Monday, July 2, 2012

Sudbury, Ontario, by Margaret Ullrich, part 8, Transplanting

Last night.

Happy 145th Birthday, Canada!!
Since July 1 was on a Sunday, today is also a holiday.
Nice to have a day to recuperate.

Riding Mountain is about a 3 1/2 hour drive from our home.
Some native Winnipeggers have told us they could make the drive in 2 1/2 hours.
The best we've ever done was 3 1/2 hours.

Yesterday we had a fine time in Riding Mountain.
The odd thing for me was seeing ghosts everywhere I looked.
No, not like Haley Joel Osment in The Sixth Sense.
It's just that, after going to a place for over 30 years, one has a lot of memories.
Everywhere I looked, I saw memories.
For example, a few years ago we'd taken my parents to Riding Mountain.
Yesterday I could "see" them looking at the museum exhibits and the lake.

At 5:00 p.m. we decided to head back home.
It was hot and sunny in Riding Mountain.
According to the records, Manitoba has set records for the first half of a year.
It was only warmer in 1946.
So, this was the hottest we've ever experienced in our 40 years in Canada.

We stopped for supper at Dairy Queen in Neepawa and got home at 9:00 p.m.
We were just in time to watch Canada Day in the Capital on CBC.
As we'd gone there for our 40th anniversary, it was nice seeing Ottawa again.
I didn't see ghosts.
I just remembered where we had gone and what we had seen.

Oh... about the fireworks.
As Winnipeg is further north, Winnipeg's fireworks display was over an hour later than the celebration in Ottawa.
We were able to watch the local show from our bedroom window.
It was nice to just go to bed after the fireworks were over.
No hiking to our car.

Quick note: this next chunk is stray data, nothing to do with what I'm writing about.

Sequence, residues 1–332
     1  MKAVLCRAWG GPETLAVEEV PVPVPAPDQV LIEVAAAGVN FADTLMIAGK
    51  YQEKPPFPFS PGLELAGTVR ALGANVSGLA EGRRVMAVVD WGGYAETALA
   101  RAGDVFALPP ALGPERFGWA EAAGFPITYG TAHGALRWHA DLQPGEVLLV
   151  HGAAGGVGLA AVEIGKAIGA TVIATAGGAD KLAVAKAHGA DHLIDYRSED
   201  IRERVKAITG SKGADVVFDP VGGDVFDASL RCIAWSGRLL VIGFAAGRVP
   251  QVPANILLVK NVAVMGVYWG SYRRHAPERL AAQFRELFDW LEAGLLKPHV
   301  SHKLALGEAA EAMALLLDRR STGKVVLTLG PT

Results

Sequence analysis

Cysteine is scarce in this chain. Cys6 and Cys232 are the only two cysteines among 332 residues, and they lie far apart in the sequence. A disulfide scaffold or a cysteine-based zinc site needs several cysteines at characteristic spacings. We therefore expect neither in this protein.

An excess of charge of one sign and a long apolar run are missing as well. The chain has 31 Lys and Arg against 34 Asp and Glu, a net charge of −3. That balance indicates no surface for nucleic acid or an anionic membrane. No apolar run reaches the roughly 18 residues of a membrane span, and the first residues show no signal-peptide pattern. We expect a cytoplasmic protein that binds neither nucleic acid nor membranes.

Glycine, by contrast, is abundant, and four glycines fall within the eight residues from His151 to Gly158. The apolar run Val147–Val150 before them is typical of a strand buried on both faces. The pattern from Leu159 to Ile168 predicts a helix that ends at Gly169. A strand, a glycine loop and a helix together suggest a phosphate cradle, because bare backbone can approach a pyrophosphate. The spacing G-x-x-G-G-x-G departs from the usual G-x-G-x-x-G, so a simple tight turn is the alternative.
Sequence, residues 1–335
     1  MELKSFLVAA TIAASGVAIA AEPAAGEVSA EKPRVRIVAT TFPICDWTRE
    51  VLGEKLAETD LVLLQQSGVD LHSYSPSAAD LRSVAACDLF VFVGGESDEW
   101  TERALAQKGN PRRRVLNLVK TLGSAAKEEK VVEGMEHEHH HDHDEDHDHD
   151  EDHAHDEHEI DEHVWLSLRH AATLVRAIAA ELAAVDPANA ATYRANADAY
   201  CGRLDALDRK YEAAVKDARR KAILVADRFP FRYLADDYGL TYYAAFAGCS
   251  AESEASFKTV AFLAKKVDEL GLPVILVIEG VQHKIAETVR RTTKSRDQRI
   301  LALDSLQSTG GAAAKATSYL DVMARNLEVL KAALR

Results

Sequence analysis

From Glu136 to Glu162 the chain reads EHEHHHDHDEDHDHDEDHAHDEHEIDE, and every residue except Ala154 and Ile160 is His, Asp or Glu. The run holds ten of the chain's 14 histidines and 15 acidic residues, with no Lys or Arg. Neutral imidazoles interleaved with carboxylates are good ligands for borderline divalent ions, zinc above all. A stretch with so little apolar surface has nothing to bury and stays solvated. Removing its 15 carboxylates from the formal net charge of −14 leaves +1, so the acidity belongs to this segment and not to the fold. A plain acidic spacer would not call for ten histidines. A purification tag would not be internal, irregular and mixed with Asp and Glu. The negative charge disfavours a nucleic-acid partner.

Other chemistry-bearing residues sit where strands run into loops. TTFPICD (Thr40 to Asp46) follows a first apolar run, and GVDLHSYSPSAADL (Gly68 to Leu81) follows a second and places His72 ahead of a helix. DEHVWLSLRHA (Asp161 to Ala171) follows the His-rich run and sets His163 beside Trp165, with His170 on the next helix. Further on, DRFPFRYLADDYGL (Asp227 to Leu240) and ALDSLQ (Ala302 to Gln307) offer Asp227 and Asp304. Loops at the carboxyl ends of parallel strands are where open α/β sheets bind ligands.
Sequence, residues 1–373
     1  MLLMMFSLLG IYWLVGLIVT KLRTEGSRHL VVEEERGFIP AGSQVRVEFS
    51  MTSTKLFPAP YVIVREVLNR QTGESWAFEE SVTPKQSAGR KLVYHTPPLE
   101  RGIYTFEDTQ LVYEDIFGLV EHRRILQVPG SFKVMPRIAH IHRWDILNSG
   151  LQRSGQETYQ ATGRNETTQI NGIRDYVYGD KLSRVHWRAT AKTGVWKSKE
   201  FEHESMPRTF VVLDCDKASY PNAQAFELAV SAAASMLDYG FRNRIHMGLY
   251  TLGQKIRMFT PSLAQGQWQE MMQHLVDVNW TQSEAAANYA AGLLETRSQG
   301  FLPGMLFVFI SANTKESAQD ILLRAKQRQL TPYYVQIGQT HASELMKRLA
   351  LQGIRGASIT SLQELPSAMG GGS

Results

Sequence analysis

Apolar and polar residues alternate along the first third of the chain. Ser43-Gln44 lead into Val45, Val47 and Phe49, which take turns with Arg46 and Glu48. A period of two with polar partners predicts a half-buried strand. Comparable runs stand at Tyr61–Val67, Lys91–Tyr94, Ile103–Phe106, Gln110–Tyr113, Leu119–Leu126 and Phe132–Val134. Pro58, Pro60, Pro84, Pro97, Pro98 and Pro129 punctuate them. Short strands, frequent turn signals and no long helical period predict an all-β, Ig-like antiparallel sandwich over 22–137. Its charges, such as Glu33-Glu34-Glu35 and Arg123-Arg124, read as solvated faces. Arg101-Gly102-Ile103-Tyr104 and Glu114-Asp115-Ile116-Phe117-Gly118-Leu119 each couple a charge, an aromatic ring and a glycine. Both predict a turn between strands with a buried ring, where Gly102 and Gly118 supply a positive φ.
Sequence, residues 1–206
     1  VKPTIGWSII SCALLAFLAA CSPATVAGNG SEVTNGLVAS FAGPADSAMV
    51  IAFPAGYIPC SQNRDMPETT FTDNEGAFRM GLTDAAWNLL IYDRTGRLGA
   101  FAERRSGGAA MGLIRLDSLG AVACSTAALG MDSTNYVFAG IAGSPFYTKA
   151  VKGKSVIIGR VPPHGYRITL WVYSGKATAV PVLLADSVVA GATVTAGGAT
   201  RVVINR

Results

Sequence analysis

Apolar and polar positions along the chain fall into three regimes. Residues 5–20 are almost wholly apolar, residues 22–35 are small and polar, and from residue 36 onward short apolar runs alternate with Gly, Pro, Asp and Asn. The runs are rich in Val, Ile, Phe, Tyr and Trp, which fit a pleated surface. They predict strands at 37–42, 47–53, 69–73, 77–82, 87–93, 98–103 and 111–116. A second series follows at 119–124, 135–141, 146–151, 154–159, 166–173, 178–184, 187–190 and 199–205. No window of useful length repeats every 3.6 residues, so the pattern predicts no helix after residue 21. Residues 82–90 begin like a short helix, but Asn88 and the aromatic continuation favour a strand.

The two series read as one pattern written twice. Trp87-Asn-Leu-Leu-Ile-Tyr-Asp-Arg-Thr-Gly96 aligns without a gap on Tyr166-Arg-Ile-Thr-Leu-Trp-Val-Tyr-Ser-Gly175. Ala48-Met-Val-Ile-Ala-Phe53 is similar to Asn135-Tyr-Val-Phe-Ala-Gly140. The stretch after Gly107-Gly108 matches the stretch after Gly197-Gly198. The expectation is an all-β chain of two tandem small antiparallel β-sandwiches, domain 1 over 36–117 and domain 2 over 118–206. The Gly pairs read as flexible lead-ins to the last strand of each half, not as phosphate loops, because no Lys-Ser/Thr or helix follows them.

No looking for our car in the dark.
No driving home at a snail's pace on packed streets.
We'd had enough driving for one day.

Forty years ago we were on the road, too.
We left Niagara Falls at 11:00 a.m. and drove past Toronto.
For some reason Toronto smelled like Cheerios.
Well, it did to us in 1972.

Since we'd grown up in New York, we thought all cities were pretty much the same.
We remembered returning to New York from the Poconos after our honeymoon.
We could see the murky sky of New York City even when we were miles away.

Toronto was a revelation.
It smelled clean.
The sky over the city was so blue.
Paul was amazed at how close the residential area was to the business area.
it was a city where people could live.

Another surprise was the sky.
We'd never seen so much of it.
At 4:00 p.m. we passed under a huge stretch of cloud.
It was dark grey and solid.
There wasn't any other traffic.
We'd never felt so alone on a highway.
New York was a constant traffic jam.
This was space.
After a few miles of driving, the sky was clear blue again.
We also saw clouds with the sun streaming through, as if they were sheer curtains.

We stopped at a Kentucky Fried Chicken for lunch.
Paul was getting better at steering, but it was still a hassle to get the car and trailer out of the KFC parking lot.

Canadians kept putting little extra touches in what, to us, was basic food.
Maple instead of chocolate in the fudge.
Bacon and a salad in the burger.
We didn't see bacon burgers on the menu anywhere else.
Maybe the chef just wanted to add his own touch.

Carol Campgrounds in Sudbury was perfect.
We were camped by the shore.
The site was much prettier than Niagara Falls was.
So much for all the hype.

As Sudbury is north of Niagara Falls, it was still light by 10:00 p.m.
We went to make our check-in phone calls to our parents.
When my Pop answered the phone, he couldn't believe that we still had daylight.
In New York it was dark. 

I wonder when the folks in Sudbury had their Canada Day fireworks last night?

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